Niki Lauda

2015 Italian Grand Prix

The notion that rules are meant to be broken holds especially true in Formula 1. The sport wouldn’t have evolved to the point it has, had teams not constantly teetered on the fringes of legality. However, Sunday’s Italian Grand Prix at Monza presents a different conundrum because the rules are no longer being enforced by the FIA.



The 2015 F1 campaign has been a dull one. There have been moments at Silverstone and the Hungaroring, but for the most part it’s been a one horse race. Mercedes’s dominance has them leading races by nearly 30 seconds and for everyone that isn’t a fan of the Silver Arrows, it’s been a continually difficult procession to watch. Within Mercedes, it’s Lewis Hamilton’s championship to lose. Whatever challenge Nico Rosberg hoped to bring in the latter half of the season seems to be slipping further and further away. It’s not just the mental battle that Rosberg has been at odds with, but the team aren’t even arming him with the same equipment on race day. At Monza, Rosberg ran an older power unit heading into its 6th race. The inevitable happened just 3 laps from the finish when Rosberg’s engine failed and Mercedes endured their first mechanical retirement of the season.


Hamilton on the other hand has been showing unbelievable pace and poise all season. Seemly gone are the emotional outbursts and competitive lulls Hamilton’s been known to have in the past. The now self-managed Hamilton is older, more confident in himself and his abilities on track – winning also helps. Sporting blonde locks at Monza, he drove to a commanding win, his second Italian Grand Prix victory. However, it was discovered during the proceedings that his tire pressure was not within the legal limits of the sporting regulations. The development was followed by a message from Hamilton’s engineers to crank up the pace for the remainder of the race. Watching it unfold, it seemed an odd call for such a comfortable lead, but it soon became clear that Mercedes wanted to finish with as big a gap as possible, bracing for a potential time penalty to follow the race. During the post-race press conference it was revealed to Hamilton by James Allen that Mercedes were being investigated by the FIA for not meeting the tire pressure regulations and that his left-rear tire was 0.3 PSI below the minimum starting pressure issued by Pirelli. The investigation to follow was swift and resulted in no punishment for Mercedes who retained all of their points from the day.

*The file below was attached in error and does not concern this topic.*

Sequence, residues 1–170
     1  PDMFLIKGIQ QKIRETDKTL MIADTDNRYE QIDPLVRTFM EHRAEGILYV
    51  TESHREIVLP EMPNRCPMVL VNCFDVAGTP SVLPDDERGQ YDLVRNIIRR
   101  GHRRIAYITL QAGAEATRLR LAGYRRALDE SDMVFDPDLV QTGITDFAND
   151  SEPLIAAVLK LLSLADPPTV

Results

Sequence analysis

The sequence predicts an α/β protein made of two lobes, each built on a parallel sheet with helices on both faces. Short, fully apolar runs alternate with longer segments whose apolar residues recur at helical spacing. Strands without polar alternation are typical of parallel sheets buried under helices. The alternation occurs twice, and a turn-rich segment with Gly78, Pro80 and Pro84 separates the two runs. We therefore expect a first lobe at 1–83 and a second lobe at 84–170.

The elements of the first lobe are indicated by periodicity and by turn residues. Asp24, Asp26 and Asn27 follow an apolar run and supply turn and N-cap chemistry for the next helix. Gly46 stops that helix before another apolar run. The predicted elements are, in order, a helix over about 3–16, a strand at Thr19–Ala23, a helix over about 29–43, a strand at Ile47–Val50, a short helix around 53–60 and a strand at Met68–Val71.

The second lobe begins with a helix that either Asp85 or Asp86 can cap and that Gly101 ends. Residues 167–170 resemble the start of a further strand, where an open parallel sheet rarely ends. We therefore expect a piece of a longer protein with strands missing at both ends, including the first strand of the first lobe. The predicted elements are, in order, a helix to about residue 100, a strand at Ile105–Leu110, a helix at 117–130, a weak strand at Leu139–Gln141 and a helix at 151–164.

What will now follow is a debate that will have everyone divided when they really shouldn’t be. A ruling open to interpretation should have been one that costed Mercedes and made an example for the rest of the teams which have been increasingly getting away with infringements that would not have been tolerated in the past. Just 2 weeks ago, nearly every driver on the grid carved their own course through Spa-Francorchamps when the white lines of multiple corners were violated with (in many cases) all 4 wheels off track. No penalties were given at the Belgian Grand Prix and Sunday saw yet another violation of the sporting regulations met without penalty.